Keukenhof is the famous show garden for the international bulb industry. Seven million bulbs go into the ground to provide a twelve week long extravagant display of this important export product from the Netherlands.
I was there on the opening day. The weather has been mild and bulbs are early this year. I was interested to see early flowering Narcissus daffodils and they were there in abundance. One of the features of Keukenhof is that all the bulbs are labeled whilst flowering and this allows you to note down names for you to order for growing in your own garden next year. Surprisingly, this year, on the first day, very few flowering bulbs had a name board. Disappointed, I decided to just make a few general photos as I strolled around these beautiful garden in the warm sunshine.
Do yellow daffodils work alongside winter flowering heathers? I had ask myself this question recently as a garden I have been designing recently features heathers. Well maybe they look OK, at least this out-of-the-way corner in the Keukenhof gave my a clear example to think about.
Mixtures of bulbs have become a feature of the Keukenhof in recent years. So early in the year the range of bulbs is somewhat limited and this gives the results more clarity and impact. Later in the season there is a tendency for far too many different types and colours to be mixed together. Understandably, the bulb exporters want to show off everything they have to offer.
I don’t use Hyacinths in my planting plans; they seem too cultivated to me. Surprisingly, the two plants I noticed the most and which were labeled were Hyacinths. A new yellow one called Yellowstone was clearly a significant improvement over the old yellow cultivar, City of Haarlem. And Hyacinth ‘Purple Star’ had extraordinary violet purple flowers fading to pale blue near to their base. Most dramatic was that these glowing flowers were surrounding a near black central stem.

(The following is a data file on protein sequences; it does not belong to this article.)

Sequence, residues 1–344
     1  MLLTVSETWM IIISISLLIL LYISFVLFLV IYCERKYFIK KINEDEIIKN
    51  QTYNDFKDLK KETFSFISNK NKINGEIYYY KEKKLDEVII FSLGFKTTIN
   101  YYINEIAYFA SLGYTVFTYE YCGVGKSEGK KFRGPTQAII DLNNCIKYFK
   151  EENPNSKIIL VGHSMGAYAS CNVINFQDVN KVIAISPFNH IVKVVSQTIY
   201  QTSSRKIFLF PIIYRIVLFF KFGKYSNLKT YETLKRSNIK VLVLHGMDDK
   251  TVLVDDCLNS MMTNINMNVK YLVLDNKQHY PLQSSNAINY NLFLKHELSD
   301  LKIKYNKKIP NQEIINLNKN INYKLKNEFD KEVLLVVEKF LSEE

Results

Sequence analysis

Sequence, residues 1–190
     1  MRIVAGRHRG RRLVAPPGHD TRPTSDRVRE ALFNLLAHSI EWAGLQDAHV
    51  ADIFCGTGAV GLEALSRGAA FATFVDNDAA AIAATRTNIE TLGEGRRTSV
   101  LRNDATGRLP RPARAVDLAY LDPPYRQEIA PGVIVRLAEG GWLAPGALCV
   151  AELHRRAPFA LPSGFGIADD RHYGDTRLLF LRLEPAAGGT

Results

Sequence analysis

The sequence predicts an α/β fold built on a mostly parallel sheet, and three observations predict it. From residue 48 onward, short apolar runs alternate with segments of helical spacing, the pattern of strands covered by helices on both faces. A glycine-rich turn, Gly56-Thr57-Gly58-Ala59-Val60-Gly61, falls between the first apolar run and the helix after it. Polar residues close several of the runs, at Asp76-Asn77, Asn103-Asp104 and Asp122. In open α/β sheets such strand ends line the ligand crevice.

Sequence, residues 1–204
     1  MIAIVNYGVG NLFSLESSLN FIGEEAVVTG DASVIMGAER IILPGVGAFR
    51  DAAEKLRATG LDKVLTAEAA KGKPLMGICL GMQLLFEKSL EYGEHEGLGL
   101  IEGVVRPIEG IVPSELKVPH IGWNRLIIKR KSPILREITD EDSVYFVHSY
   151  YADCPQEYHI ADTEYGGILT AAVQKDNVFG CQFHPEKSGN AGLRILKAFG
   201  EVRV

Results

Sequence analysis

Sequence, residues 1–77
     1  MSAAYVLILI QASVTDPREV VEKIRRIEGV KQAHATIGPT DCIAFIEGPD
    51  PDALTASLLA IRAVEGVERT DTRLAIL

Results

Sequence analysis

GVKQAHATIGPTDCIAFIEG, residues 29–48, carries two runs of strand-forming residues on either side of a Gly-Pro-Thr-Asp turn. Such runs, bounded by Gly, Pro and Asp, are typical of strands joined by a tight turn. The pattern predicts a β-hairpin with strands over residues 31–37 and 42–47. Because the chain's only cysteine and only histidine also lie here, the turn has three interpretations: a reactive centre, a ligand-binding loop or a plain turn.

My search for new Narcissus varieties to add to my planting pallet lead to nothing on the day. Two stalwarts were, however, confirmed as indispensable. Narcissus ‘February Gold’ is such a fresh, clear yellow that it stands out. It usually flowers earlier than its name suggests, but much depends upon the weather. This year, being so mild, it was flowering in my own garden from Christmas through to the end of February. Narcissus ‘Jetfire’ is a compact and also early flowering variety. Scattered through a mixed perennial border it bring early season colour. At the Keukenhof they tend to plant it in large masses which are certainly eye-catching but deprive it of its neat elegance.
For anyone visiting the Netherlands in spring the Keukenhof is certainly something to see. You will not want to grow the bulbs in your own gardens in the sort of mass plantings you will see there, but there is a great deal to see and become inspired.